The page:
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Friday, July 04, 2008

In the news:

* In response to public outrage—and who thought that could still accomplish anything?—the Bureau of Land Management has reversed the absurd two-year moratorium on public-land solar projects that got me so riled up a few days ago.

* Is Bush about to close Guantánamo? I imagine extralegal prisons are a whole lot less fun lately, though knowing the Bush administration they'd probably only plan to close it in preparation for Guantánamo II on the Moon.

* Utah responds to the high price of energy by moving to a four-day workweek for state employees. Meanwhile, Sal Cinquemani at Slant Magazine takes aim at the central contradiction that has crippled the Democrats' ability to properly respond to the high price of gasoline: so long as we are unable to think the crisis outside a capitalist, market-oriented framework, $140 a barrel still isn't high enough.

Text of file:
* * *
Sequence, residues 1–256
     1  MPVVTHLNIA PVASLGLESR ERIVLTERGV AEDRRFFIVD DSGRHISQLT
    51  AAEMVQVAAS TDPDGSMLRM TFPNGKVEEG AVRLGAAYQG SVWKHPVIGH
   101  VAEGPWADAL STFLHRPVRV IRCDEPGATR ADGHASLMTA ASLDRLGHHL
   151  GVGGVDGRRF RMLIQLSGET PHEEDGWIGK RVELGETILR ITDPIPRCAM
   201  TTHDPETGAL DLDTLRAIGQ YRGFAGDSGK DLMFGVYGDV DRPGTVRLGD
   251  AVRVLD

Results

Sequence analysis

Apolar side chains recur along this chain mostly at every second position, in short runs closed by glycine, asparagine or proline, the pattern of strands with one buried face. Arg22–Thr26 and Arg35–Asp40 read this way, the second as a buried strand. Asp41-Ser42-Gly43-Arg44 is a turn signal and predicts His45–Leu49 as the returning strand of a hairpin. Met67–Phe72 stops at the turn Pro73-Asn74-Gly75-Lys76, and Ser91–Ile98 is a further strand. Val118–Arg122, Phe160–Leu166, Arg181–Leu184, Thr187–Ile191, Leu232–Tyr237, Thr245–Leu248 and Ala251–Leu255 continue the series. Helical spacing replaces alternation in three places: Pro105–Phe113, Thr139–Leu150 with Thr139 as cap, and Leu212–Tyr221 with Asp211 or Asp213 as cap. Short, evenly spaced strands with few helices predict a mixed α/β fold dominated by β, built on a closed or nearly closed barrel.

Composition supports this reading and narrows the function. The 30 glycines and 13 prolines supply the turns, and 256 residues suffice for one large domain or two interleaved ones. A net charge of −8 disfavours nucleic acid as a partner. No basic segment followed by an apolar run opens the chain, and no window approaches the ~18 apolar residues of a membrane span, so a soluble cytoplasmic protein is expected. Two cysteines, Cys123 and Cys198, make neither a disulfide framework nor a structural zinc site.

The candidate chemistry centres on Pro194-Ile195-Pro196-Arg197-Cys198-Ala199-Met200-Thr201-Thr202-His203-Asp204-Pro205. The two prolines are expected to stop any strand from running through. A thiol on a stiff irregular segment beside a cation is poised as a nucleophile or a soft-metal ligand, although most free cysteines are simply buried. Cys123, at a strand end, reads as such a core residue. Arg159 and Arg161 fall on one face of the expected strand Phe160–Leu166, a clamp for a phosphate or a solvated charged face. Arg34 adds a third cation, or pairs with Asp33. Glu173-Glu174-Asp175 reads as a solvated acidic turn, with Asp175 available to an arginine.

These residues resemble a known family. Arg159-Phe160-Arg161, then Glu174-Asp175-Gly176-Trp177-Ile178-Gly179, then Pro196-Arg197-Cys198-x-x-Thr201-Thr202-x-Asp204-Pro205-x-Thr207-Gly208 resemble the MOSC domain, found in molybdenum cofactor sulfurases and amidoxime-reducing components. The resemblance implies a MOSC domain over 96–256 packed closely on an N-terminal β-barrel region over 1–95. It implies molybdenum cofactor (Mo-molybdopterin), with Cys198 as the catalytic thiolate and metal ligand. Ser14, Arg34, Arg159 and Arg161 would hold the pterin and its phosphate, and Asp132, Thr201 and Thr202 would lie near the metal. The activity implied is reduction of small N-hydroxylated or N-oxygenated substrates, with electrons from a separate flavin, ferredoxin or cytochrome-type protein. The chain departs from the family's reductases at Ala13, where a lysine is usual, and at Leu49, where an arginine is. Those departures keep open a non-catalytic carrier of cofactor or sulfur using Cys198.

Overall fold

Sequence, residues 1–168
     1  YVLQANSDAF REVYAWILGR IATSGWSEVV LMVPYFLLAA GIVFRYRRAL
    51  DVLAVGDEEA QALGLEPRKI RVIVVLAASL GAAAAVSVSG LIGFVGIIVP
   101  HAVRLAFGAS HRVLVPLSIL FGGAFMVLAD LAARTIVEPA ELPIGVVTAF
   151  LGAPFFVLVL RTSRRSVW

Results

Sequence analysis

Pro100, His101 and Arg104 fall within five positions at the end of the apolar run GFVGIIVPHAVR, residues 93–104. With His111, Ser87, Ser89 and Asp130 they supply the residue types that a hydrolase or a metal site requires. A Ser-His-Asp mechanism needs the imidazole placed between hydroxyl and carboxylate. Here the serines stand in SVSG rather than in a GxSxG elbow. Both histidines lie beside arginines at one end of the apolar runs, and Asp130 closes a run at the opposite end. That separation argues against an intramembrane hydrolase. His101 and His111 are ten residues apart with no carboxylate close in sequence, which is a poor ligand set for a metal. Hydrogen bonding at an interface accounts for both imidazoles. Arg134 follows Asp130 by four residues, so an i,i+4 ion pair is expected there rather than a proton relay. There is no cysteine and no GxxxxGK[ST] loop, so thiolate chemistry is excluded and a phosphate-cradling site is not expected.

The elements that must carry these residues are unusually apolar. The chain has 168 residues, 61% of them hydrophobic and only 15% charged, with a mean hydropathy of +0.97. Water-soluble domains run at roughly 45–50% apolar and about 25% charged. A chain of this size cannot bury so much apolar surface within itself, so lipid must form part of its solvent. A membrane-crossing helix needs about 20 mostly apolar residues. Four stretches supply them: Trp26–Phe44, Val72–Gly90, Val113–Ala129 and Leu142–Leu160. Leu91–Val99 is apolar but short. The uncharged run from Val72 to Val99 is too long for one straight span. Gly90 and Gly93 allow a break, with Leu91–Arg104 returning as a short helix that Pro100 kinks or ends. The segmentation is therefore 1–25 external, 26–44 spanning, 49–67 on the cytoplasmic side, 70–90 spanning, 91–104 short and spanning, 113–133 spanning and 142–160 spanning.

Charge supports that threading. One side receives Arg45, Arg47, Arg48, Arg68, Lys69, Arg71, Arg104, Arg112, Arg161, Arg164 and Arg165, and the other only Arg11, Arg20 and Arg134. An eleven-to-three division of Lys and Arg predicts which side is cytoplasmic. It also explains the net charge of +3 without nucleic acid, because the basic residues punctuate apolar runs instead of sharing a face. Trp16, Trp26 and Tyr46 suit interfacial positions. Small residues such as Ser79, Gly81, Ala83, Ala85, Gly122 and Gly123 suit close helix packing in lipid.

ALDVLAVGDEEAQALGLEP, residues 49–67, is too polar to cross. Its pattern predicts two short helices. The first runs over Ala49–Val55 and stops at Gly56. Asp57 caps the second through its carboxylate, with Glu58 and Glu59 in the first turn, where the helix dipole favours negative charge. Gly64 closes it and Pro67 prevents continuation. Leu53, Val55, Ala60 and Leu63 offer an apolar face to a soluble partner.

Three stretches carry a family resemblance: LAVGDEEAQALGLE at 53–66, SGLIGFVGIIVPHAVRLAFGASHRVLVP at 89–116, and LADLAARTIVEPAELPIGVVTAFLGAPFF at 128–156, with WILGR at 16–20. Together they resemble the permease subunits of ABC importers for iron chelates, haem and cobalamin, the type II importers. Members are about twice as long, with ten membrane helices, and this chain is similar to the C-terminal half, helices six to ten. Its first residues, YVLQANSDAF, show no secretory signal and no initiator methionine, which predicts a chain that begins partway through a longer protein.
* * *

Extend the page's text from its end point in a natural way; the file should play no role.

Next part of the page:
* Jesse Helms died today, one day after Bozo the Clown, and everyone else has already made the joke.

* Despite the latest denialist meme, volcanoes are not melting Arctic ice.

* Christopher Hitchens now agrees waterboarding is torture. Why? He let himself be waterboarded. (Here's video.) I really hate to kick a guy just when he's finally starting to see the light, but it's worth saying that there are still plenty of people whose moral sense is not so deformed by eight years of Bushism that we knew better than to torture people without an object lesson in basic human decency—and it'd be nice if, you know, we were maybe listened to occasionally. Via MeFi.

* And, at NPR, the strange odyssey of Napoleon's penis.